When the original Star Wars film was released in 1977 the world was a very different place. For example, it was still considered acceptable to base your essential evil empire on the Nazis. It was also considered allowable to dress your female characters in very skimpy clothes. And when your female characters weren't sitting around in little more than a couple of coconut shells and a string of tinsel, they were designed to be saved by a hunky hero. And only minor characters were any colour besides white.
Many things have changed in the almost 40 years since episode 1 - or rather episode 4 - of the Star Wars saga, and it's an interesting exercise to see what's gone, and what's stayed in the latest episode. (Before I go any further I'd best point out that I will not be including any spoilers in this post. If you still want to see the new movie but haven't yet, reading this won't hurt.)
Time has not been kind to Princess Leia or Luke Skywalker. Han Solo, on the other hand, is still a handsome hunk, but this time the film has plenty of fully-dressed female leading characters who are every bit as good at fighting, and flying and maintaining the Milennium Falcon, as he is. There's also a second hunk in the latest episode, who's black. (I would say African American, except the actor playing him is British!)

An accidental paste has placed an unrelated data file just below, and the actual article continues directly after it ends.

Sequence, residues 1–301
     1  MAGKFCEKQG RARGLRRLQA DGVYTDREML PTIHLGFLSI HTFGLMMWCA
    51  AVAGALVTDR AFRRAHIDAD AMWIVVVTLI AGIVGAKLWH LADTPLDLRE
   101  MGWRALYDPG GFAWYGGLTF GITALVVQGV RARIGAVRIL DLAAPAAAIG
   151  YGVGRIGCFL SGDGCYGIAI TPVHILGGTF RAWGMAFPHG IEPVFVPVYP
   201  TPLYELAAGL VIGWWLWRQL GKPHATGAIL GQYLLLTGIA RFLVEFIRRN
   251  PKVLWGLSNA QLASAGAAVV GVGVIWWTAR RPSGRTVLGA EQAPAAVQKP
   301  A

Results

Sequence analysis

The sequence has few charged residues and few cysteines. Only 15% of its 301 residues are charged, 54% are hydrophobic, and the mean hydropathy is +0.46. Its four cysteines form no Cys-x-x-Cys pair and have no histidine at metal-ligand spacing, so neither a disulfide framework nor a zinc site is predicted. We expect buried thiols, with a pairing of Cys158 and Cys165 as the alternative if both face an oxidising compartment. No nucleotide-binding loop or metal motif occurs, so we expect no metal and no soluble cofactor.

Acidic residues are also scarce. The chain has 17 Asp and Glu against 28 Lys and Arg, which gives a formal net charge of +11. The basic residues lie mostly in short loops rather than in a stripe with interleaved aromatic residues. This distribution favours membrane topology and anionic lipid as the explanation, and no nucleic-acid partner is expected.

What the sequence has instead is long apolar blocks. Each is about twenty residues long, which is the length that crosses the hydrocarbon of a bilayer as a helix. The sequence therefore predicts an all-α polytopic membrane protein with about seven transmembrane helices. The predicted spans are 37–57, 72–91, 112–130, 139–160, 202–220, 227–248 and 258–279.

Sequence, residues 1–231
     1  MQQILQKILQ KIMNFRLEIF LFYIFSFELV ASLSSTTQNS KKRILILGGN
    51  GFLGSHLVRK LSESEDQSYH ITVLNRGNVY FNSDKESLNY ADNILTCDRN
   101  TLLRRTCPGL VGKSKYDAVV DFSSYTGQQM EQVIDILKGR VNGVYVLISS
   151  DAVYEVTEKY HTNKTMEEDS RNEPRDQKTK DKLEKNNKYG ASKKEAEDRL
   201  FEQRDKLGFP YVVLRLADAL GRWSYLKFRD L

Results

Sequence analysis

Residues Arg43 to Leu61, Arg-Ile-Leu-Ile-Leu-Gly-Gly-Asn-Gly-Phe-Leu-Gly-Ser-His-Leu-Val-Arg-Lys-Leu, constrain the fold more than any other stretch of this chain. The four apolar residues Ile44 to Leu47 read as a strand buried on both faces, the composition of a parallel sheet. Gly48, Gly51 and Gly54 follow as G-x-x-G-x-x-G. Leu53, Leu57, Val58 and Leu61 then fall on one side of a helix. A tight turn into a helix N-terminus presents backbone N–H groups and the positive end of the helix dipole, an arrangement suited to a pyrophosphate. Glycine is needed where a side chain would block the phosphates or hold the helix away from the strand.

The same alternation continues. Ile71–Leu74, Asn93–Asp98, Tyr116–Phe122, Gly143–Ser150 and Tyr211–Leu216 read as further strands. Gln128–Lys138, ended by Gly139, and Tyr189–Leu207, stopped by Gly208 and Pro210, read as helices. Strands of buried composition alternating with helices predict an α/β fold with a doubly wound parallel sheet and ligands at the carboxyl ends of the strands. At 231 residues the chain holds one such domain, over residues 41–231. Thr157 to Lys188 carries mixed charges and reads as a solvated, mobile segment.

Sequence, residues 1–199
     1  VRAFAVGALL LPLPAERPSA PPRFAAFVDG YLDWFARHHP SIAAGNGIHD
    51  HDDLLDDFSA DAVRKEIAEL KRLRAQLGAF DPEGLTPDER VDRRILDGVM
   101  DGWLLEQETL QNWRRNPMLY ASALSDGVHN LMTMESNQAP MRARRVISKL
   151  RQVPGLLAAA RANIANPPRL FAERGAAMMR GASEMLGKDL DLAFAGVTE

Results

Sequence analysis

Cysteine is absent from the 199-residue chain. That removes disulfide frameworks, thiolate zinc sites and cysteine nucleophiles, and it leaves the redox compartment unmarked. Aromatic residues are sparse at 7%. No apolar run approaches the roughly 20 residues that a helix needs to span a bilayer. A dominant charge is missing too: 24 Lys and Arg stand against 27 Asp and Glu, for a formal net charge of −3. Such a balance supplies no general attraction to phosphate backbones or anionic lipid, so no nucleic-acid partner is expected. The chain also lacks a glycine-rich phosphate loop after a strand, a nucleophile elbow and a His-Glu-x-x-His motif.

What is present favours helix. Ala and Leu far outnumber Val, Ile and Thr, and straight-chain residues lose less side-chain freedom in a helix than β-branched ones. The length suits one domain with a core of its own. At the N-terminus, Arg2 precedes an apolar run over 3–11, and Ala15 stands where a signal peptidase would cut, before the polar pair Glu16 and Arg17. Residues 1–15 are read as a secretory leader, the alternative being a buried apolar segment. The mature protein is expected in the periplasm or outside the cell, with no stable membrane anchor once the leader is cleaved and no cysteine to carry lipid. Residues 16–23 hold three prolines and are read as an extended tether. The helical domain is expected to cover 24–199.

The robots look familiar, but have been joined by BB-8, an orange and white mini snowman-looking machine who apparently really exists, thanks to modern computing science. C-3PO now has a red replacement arm, but R2-D2 hasn't altered at all. Oh, and Chewbacca looks as if he's been well groomed.
There's a new, improved Death Star, lots of battle cruisers and fighter craft: only this time they're created through CGI, rather than meticulously hand-drawn, frame by frame. There are silver-coloured (female) Stormtrooper officers, but the baddies still look like Nazis.
As I said earlier, time has been unkind to Princess (now General) Leia. Her new hairdo is slightly less ridiculous than the old bagel-over-the-ears image, but her obvious botox addiction means her top lip hardly moves, which means she's not the most emotive character in the film, even when she needs to be. On the other hand, Luke Skywalker is allowing every wrinkle to show, but he could do with a decent haircut!
The storyline is recognisable by anyone who saw the first three - 4 to 6, not 1 to 3 - and there are plenty of internal references to keep the purists happy, but basically it's a mostly politically correct update for the 21st century.